You're currently reading an archived version of Jim Hightower's work.
The latest (and greatest?) observations from Jim Hightower are only now available at our Substack website. Join us there!
Politicos and pundits on the right have resurrected an old bugaboo to hurl at Barack Obama’s economic recovery efforts: Class War!
Even New York Times columnist David Brooks, the soft-spoken but steadfast defender of America’s corporate powers, has recently reached for this political cudgel to pound Obama’s budget. He wails that the tax burden to finance such big initiatives as universal health care and energy independence “is predicated on a class divide.” Brooks expresses despair that “no new burdens will fall on 95 percent of the American people,” adding with a cluck of the tongue that “all of the cost will be borne by the rich and all benefits redistributed downward.”
Enjoying Hightower's work? Join us over at our new home on Substack:
Let us all now give a collective hug to the poor, put-upon rich, who for the past 30 years have been grabbing practically all of the financial gains generated in our economy, while the vast majority of folks have seen their real incomes decline. Then let us point out to Brother Brooks that such things as health care for all and a booming green economy actually will be of great benefit to everyone, including the rich.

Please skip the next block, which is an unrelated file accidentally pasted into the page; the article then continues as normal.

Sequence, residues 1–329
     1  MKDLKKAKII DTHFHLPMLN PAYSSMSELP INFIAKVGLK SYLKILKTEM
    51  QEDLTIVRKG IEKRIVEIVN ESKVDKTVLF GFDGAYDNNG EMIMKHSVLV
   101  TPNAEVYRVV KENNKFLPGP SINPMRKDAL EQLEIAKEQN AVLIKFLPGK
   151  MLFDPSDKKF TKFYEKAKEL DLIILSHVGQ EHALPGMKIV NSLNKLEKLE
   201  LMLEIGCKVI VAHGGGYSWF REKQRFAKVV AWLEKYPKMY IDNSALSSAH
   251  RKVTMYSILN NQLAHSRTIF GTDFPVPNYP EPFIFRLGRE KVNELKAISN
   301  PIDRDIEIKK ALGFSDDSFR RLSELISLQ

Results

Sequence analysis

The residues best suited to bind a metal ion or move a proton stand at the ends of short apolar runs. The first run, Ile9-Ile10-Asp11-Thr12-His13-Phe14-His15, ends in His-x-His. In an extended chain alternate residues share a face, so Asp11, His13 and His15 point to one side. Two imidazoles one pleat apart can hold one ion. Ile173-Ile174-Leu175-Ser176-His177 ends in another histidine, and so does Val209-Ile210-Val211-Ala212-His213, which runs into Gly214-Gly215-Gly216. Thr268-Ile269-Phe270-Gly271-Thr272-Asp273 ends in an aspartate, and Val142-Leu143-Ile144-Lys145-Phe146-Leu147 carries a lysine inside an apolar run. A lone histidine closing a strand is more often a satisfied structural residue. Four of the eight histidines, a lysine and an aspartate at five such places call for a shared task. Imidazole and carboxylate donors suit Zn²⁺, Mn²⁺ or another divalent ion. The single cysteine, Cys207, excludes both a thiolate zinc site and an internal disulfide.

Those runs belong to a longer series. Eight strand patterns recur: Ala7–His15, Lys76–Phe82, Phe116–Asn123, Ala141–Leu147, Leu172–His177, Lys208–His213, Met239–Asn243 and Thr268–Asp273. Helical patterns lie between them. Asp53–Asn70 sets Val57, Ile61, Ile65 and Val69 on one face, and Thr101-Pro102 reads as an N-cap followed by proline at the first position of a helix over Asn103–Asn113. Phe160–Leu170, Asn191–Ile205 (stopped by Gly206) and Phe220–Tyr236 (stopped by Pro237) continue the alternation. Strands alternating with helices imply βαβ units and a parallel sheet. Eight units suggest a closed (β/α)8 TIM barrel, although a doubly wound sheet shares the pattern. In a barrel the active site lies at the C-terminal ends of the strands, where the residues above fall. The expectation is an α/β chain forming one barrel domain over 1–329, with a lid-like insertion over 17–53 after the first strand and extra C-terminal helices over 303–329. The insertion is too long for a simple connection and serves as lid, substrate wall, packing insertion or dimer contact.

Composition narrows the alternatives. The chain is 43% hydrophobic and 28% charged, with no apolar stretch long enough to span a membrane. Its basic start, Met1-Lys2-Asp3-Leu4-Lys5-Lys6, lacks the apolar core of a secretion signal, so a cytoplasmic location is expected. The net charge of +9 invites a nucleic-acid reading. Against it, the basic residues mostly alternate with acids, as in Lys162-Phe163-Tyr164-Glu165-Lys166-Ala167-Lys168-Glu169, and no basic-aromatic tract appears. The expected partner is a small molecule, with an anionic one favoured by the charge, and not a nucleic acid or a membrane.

Yet, the Times columnist condemns “promiscuous” redistributionists who want to spread the wealth. With a straight face, he cries out for a conservative vision of “a nation in which we’re all in it together – in which burdens are all shared broadly, rather than simply inflicted on a small minority.”
What planet has this guy been on the last couple of decades? This “small minority” he weeps for is the same bunch of elites who’ve created tax dodges, trade scams, deregulation fantasies, de-unionization schemes, financial hustles, and other mechanisms to redistribute wealth from workaday families to them.
It’s about time the burden shifts upward – and the benefits of our economy become broadly shared.
“A Moderate Manifesto,” www.nytimes.com, March 3, 2009.
“Class warfare or inequities vs. needs?” Austin American Statesman, March 8, 2009.